It would be counterproductive to define or name the Now, as in “my God,” because then it would become just another idea. We have to be careful of even calling it by neutral terms like the Absolute. It is best left as a mystery, but that shouldn’t stop us from learning how to become one with it. We seek to participate to the utmost in the ongoing mystery of the Absolute, as here explicitly advocated by Krishna.


15)         Having attained to Me, they do not return to this transitory abode of suffering, having reached the highest attainment.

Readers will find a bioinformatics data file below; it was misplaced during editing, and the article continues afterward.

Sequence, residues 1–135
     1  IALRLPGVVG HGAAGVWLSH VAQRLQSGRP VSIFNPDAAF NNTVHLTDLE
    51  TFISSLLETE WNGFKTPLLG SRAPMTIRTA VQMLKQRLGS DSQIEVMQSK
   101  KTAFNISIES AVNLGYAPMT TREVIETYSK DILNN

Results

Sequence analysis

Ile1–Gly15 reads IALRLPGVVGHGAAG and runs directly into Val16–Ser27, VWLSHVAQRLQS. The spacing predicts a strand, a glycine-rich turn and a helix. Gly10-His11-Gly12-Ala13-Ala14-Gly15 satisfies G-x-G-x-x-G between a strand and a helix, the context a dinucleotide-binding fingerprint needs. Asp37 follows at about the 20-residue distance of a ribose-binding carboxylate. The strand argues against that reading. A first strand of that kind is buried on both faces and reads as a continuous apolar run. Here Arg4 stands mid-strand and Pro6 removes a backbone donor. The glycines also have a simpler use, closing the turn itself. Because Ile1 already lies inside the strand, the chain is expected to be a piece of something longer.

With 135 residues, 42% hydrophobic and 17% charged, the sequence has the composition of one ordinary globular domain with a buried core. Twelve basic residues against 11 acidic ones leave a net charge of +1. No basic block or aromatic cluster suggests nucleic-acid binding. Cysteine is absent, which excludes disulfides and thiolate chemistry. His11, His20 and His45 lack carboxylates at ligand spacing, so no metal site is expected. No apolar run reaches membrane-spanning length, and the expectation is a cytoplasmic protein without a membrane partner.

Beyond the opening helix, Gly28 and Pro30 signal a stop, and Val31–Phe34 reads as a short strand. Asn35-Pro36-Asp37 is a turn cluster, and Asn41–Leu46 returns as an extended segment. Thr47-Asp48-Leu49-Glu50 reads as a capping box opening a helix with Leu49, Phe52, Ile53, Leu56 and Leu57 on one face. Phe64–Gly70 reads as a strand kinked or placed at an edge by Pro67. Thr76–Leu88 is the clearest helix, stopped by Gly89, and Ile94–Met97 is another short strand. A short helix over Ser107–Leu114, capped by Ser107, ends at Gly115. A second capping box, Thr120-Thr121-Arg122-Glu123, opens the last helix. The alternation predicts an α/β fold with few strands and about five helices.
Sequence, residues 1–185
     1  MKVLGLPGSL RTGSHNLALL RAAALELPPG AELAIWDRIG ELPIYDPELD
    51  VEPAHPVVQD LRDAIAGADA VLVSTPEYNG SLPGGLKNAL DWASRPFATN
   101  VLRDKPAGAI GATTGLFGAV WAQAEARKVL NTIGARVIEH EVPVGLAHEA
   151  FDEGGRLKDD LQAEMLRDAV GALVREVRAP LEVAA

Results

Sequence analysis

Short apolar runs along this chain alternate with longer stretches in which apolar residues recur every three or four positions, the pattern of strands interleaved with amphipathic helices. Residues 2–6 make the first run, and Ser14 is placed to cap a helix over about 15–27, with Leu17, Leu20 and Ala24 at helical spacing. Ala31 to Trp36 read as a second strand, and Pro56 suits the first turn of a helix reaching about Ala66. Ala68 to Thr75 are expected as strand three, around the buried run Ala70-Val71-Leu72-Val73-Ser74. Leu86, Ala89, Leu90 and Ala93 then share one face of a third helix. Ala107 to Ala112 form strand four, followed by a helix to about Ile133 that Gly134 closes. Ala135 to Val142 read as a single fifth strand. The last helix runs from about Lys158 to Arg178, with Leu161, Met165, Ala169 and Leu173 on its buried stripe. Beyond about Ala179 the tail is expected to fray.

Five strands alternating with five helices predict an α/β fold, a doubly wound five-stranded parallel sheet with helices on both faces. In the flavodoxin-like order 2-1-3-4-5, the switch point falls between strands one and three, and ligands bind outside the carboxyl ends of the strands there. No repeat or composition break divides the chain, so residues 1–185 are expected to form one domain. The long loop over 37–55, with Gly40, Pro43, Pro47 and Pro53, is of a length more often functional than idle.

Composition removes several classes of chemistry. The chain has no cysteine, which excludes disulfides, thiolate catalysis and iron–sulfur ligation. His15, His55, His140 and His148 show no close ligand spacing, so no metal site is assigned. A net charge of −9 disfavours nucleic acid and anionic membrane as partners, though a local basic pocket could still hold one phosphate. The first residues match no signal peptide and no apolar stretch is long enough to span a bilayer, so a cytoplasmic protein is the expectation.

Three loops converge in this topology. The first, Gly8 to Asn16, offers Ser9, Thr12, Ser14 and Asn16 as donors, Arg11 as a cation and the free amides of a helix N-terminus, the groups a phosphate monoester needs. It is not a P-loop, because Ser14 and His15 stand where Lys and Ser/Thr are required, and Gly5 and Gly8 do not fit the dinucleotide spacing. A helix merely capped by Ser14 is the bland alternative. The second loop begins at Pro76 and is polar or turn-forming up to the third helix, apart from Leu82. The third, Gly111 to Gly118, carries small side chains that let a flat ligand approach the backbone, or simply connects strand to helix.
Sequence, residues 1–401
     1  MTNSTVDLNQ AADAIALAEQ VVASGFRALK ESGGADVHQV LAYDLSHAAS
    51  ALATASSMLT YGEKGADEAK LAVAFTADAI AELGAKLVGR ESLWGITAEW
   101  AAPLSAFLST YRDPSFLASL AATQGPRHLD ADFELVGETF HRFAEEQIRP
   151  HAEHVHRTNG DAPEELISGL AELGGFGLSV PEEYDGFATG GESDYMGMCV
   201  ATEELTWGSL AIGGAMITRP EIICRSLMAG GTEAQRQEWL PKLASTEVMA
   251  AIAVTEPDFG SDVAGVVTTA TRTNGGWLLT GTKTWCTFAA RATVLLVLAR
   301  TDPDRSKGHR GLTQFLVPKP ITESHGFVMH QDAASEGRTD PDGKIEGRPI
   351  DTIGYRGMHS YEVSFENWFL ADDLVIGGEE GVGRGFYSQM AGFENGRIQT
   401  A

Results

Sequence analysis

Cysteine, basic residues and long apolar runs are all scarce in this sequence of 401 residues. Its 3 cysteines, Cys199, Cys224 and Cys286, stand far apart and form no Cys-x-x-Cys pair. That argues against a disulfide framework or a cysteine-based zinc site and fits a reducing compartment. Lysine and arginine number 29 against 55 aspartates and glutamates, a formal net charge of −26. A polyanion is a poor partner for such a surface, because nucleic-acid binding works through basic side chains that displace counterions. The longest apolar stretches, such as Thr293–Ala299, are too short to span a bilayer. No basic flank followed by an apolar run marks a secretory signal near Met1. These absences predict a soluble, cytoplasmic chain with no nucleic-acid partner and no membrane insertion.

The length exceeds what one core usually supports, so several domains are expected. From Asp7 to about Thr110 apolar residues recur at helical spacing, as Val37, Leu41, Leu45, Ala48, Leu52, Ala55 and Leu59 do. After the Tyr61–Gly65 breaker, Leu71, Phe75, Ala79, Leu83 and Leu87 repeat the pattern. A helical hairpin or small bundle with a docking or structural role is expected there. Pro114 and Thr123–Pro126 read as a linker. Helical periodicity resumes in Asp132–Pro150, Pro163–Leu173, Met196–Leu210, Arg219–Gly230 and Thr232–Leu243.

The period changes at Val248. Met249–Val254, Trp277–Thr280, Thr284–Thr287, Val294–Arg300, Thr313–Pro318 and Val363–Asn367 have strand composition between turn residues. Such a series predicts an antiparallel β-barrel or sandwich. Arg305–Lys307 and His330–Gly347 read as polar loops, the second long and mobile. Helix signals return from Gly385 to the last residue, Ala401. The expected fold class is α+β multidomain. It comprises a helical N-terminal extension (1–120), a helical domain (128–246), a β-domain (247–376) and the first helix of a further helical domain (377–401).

Attaining the Absolute is an accomplishment that irrevocably changes one’s life and mental outlook for the better. It’s just common sense that once you understand something, you don’t forget it the next day and have to start over. It becomes a permanent part of your basic awareness. This is all the more true when the psyche is flooded with the light and wonder of the Absolute. The dark fingers of lurking doubts are dispelled instantly, and the yogi may even laugh out loud with relief. To emerge from a lifetime of anxiety and bafflement to the shining, love-filled openness of the Absolute is an ineffable experience.